Backbench revolts are in decline but party whips shouldn’t start celebrating just yet

Parliament resumes today, after the Christmas recess – and we have a rare piece of good news for the government whips. Having just updated our data on rebellions up until Christmas, we have been struck by the decline in the level of backbench revolt on the government side of the House.

The current session has been dominated by two major Conservative rebellions, one on House of Lords reform and one on Europe. In July, 91 Conservative MPs voted against the Second Reading of the House of Lords Reform Bill. The scale of the rebellion was such that the government realised that it would not be able to win a vote on the Bill’s programme motion, and thus the legislation was dropped.  In October, 53 Conservative MPs joined the Labour Opposition in supporting a motion calling for a freezing of the EU Budget. The resulting defeat was the first Commons defeat to be suffered by the Coalition as a result of backbench dissent. David Cameron thus becomes the latest in the line of Prime Minister dating back to Edward Heath to have at least one Commons defeat inflicted on them by their own backbenchers.

But apart from these rebellions, there has been little to cause the whips too much trouble (although we are aware that this may be a little like the apocryphal question ‘apart from that, Mrs Lincoln, how did you enjoy the play?’). There have been a total of 27 separate Coalition rebellions so far this session, which as a percentage of the total number of divisions amounts to a rebellion rate of 21%. This figure is roughly half the rate (44%) seen in the preceding session of 2010-12.  Split by the Coalition’s component parts, the Conservative rate of rebellion is running at 17% (21 rebellions out of 127 divisions) whereas in the last session it was 28%, with the Lib Dem rate even lower at 9% (11 out of 127), down from 24%.

Unlike the preceding session – which set post-war records – these are much more ‘normal’ rates of rebellion for parliamentary parties in the modern era, although they are still towards the high end.  A rate of 21%, for example, is higher than in all but 15 post-war sessions of the Commons. But it is no longer quite so exceptional: in the last 20 years, there have been eight sessions with rebellion at this rate or higher.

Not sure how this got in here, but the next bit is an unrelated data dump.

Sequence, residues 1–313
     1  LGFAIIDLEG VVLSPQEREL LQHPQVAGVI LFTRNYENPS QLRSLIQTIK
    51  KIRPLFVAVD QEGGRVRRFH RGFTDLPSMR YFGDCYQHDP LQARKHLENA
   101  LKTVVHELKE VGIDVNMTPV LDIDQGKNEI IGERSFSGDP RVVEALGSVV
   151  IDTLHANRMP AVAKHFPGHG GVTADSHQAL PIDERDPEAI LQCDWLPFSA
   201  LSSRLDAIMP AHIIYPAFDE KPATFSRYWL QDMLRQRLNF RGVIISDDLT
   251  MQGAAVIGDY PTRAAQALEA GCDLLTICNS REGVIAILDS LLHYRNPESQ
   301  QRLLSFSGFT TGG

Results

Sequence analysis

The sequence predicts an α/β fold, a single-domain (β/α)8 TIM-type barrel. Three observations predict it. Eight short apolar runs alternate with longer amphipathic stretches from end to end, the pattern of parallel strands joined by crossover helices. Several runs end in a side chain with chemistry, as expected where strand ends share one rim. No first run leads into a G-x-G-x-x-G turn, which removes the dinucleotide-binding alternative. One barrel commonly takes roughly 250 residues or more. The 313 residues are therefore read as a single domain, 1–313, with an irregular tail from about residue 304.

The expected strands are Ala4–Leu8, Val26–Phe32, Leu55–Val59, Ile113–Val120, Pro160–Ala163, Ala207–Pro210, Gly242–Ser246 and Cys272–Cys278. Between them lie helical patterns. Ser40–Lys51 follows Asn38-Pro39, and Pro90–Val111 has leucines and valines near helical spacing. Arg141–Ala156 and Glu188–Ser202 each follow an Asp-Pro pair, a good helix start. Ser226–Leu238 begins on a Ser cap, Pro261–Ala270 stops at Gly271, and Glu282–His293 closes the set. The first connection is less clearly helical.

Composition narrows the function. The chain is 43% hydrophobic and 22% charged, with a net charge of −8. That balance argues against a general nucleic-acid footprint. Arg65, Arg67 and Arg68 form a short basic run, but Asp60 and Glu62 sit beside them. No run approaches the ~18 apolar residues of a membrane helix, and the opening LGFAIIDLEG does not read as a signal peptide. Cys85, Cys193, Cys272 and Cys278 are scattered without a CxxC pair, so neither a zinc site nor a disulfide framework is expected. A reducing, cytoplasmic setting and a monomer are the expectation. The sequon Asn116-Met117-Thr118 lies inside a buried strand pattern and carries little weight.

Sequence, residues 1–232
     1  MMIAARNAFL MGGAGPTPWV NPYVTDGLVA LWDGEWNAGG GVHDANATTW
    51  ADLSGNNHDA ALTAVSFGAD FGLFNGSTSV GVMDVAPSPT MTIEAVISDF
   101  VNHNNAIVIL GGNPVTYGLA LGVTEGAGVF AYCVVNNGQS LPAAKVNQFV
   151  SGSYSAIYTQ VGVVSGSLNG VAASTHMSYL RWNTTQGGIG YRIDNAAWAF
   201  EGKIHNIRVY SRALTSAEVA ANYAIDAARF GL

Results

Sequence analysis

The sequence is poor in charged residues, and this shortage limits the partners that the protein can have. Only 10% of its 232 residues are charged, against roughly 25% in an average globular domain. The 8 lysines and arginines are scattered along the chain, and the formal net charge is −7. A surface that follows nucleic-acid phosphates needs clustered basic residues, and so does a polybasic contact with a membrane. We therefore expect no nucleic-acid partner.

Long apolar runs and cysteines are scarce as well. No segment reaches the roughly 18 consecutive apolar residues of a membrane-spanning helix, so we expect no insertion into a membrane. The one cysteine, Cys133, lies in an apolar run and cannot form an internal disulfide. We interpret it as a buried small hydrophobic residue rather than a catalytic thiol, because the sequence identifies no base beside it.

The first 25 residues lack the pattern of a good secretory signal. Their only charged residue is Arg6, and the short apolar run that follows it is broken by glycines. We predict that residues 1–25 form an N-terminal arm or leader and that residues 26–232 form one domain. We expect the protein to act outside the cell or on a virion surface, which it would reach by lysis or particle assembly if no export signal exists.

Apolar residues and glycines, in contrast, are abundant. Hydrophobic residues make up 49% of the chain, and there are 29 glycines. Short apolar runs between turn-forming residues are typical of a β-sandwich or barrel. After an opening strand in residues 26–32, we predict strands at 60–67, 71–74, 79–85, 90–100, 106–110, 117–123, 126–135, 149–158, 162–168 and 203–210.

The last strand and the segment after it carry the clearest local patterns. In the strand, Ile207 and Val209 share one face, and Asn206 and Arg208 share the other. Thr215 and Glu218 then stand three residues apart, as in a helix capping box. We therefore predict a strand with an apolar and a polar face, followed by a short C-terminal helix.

In total, 179 Coalition MPs have defied the whip in this Parliament thus far: 144 of these are Conservatives, 35 are Lib Dems. On the Lib Dem side of the House only one Lib Dem MP has rebelled for the first time this session – the ex-minister Sarah Tether – although on the Conservative side more than two dozen new rebels have rebelled for the first time (the majority doing so over Lords reform), bringing to 144 the number of Conservative MPs to have broken ranks since the Coalition was formed on May 2010, some 47% of the parliamentary party. Of these, 89 (or 62%) are new MPs, elected for the first time in 2010. All but one of the 10 most rebellious MPs is a Conservative.

That said, it would be wise for Sir George Young not to get too excited by this drop in the rate of rebellion. For one thing, the rate of rebellion is still high. Moreover, the decline is in large part a consequence of the large Lords Reform shaped hole in the government’s legislative programme. Were it not for the government pulling that bill, we would now be waist-deep in multiple rebellions, with another record-breaking session possible. Plenty of Conservative MPs will complain about the lack of legislation coming forward right now, as the government struggles to change the legislative agenda to compensate for the absence of Lords reform. And there’s plenty coming down the tracks with the potential to reignite things; it is striking that even having granted a free vote, the issue of gay marriage is causing real problems for the Conservative side. But when you are in trouble, you should be grateful for small mercies.

Philip Cowley and Mark Stuart